The present monograph is the second in the series of the Architectural Survey of Temples published by the Archaeological Survey of India. As no worthwhile survey of the Kerala temples had been conducted, taking the entire Kerala coast as a whole, the resent author was asked by the Director General, Archaeological Survey of India, in 1968, to take up a systematic study of these temples. The actual survey was carried out between the years 1968 and 1971, the results of which have now been incorporated in this publication. A brief summary of the history of Kerala’s temple-architecture has also been given in an earlier publication, Monuments of Kerala (New Delhi, 1973), published by the Archaeological Survey of India.
After the publication of the year wise reports on the present survey in the various issues of the Indian Archaeology—A Review, scholars have shown renewed interest in the temples of Kerala: some monographs are now being prepared, and after the present volume was sent to the press a few studies on the subject have also come out in print. Unfortunately, all these studies centre round the architectural and sculptural aspects of temples, and those too, not based on any scientific sampling. The archaeological approach has so much appeal that we hardly make an effort to unravel the forces that led to the construction of a temple or the creation of legends and myths around it. An analytical study of the mythical accounts or the sthala-pura1’zas of various temples is bound to reveal interactions of diverse social and economic forces.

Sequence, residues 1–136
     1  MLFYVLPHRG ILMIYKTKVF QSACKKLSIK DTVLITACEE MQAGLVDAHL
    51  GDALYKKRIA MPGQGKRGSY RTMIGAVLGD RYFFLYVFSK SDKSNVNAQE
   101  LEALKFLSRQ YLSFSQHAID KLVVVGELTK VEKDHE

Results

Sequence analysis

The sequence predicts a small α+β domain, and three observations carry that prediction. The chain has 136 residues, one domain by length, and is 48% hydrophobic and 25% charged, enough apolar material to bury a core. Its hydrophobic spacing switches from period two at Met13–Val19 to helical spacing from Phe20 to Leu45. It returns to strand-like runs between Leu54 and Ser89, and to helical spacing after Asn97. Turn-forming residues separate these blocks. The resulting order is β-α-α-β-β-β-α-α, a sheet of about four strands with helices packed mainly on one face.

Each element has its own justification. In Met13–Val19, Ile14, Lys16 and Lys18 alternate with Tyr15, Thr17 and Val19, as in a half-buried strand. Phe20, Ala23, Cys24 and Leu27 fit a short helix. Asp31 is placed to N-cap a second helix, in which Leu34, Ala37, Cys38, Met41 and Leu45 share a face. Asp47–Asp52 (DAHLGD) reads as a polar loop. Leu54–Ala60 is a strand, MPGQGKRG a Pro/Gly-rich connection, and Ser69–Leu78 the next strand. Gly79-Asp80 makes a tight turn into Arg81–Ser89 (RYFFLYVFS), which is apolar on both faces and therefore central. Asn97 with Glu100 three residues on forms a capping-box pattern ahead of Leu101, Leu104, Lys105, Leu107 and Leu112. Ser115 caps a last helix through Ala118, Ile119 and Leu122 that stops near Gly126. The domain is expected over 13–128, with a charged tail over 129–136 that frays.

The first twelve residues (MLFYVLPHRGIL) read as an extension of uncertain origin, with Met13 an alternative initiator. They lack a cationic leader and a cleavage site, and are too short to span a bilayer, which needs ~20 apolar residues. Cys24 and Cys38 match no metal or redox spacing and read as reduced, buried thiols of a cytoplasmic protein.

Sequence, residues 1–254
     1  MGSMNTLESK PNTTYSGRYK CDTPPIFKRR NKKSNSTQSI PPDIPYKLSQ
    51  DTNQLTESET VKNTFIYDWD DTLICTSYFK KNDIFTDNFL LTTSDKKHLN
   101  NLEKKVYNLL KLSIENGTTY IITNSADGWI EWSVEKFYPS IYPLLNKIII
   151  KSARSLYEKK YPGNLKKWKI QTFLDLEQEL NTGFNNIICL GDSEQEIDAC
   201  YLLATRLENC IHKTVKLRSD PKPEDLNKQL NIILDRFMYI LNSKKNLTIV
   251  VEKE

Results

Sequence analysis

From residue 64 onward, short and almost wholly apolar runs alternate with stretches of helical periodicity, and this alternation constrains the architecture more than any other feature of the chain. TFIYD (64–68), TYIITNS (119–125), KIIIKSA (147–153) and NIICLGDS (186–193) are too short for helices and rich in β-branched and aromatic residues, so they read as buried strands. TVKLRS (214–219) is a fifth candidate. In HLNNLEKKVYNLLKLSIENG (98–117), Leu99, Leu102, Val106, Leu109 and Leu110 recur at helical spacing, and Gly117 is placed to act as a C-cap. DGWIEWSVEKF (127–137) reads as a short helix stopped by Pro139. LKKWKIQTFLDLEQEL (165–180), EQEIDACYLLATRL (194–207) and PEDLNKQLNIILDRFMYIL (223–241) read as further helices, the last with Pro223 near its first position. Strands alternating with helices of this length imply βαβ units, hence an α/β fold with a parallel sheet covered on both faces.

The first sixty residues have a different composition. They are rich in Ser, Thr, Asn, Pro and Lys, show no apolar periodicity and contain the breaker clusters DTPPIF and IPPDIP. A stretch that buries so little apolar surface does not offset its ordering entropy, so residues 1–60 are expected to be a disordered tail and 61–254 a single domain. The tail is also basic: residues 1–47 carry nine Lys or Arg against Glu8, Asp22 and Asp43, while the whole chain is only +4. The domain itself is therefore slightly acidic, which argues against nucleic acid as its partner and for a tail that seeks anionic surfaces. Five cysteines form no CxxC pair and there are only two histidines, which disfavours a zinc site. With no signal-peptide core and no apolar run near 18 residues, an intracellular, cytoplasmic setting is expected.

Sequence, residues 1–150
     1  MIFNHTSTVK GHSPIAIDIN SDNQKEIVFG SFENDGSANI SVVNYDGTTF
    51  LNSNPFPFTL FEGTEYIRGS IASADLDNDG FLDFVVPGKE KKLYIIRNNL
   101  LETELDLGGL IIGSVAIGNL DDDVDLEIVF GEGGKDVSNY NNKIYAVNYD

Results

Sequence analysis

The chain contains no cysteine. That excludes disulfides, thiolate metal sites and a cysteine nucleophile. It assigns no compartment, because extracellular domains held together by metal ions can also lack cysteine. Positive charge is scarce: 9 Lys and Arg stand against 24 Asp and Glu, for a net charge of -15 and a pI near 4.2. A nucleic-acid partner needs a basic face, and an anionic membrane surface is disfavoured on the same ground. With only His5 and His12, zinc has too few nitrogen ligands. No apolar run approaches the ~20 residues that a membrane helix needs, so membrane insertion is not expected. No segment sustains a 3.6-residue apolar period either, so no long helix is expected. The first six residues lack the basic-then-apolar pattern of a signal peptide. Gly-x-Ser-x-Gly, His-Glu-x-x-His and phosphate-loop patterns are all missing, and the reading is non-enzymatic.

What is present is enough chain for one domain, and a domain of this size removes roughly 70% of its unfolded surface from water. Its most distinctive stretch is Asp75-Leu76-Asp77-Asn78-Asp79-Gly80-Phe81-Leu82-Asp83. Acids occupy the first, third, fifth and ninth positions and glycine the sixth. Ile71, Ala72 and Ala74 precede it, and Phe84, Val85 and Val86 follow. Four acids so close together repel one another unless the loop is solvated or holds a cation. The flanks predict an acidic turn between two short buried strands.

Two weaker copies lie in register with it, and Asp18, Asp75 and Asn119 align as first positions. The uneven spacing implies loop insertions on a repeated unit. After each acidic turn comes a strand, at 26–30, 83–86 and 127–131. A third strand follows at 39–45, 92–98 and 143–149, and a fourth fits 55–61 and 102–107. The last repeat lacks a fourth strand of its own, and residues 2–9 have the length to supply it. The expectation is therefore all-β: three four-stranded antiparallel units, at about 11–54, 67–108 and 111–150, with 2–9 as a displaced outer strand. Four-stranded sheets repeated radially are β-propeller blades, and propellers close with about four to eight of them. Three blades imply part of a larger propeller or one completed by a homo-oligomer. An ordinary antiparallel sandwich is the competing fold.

The temple-institution seems to have played an important role in the community- formation and in evolving a scheme of social stratification. A temple being the pivot of a landed group, Kerala’s agrarian system was naturally knit closely with the institution of temples, the practice of matriarchy and the law of primogeniture amongst the privileged groups. As the present survey was carried out as a part of the Archaeological Survey of India’s programme of architectural survey of temples, all these aspects do not necessarily come within the scope of the present work. But it is hoped that future studies will make attempts at focusing more attention on these hidden strata of Kerala’s past history.
The present survey does not claim any finality; as a matter of fact, it is just a beginning for taking up intensive studies on different aspects of the temples of Kerala. It is necessary here to record that the number of temples included for illustrating this hook is only a few compared to that actually surveyed and documented since the intention was only to include the representative types from the historical and architectural point of view. Unpublished drawings and photographs of a good number of temples are available with the office of the Temple Survey Project (Southern Region), Madras, for reference of scholars for any future wider study on the subject. It is this office whose members of the staff, both technical and ministrial, extended full cooperation in making the present survey a fruitful one.
It was indeed a team-work in which every member played an important role. However, I want here to express my grateful thanks to some of the many people who helped me in the field and in the office to the Draftsmen Sarvashri A.T.P. Ponnuswamy N. Selvapathy, M.S. R.K. Prasad and G. Krishnamurthy and to the Photographers Sarvashri K.S. Mani and M. Thyagarajan all of the temple Survey Project Madras to Shri M.S. Mani of the Headquarters office for making the drawings ready for publication to Shri S.K. Sundara Rajan, Stenographer Temple survery project Madras fro Carrying out all typing work and his assistance in the field and to Shri B. Narasimhaiah Deputy Superintending Archaeologist Headquarters for the Preparation of the exhaustive index.
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